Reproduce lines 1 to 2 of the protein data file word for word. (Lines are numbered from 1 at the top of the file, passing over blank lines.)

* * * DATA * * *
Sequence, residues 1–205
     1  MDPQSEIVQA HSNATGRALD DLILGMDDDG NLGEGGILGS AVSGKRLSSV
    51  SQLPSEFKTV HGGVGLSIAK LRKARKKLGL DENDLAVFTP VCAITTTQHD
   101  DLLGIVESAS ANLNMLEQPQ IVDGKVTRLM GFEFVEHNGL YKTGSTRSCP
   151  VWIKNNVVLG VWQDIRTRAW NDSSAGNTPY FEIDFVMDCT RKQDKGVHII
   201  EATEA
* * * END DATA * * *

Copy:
Sequence, residues 1–205
     1  MDPQSEIVQA HSNATGRALD DLILGMDDDG NLGEGGILGS AVSGKRLSSV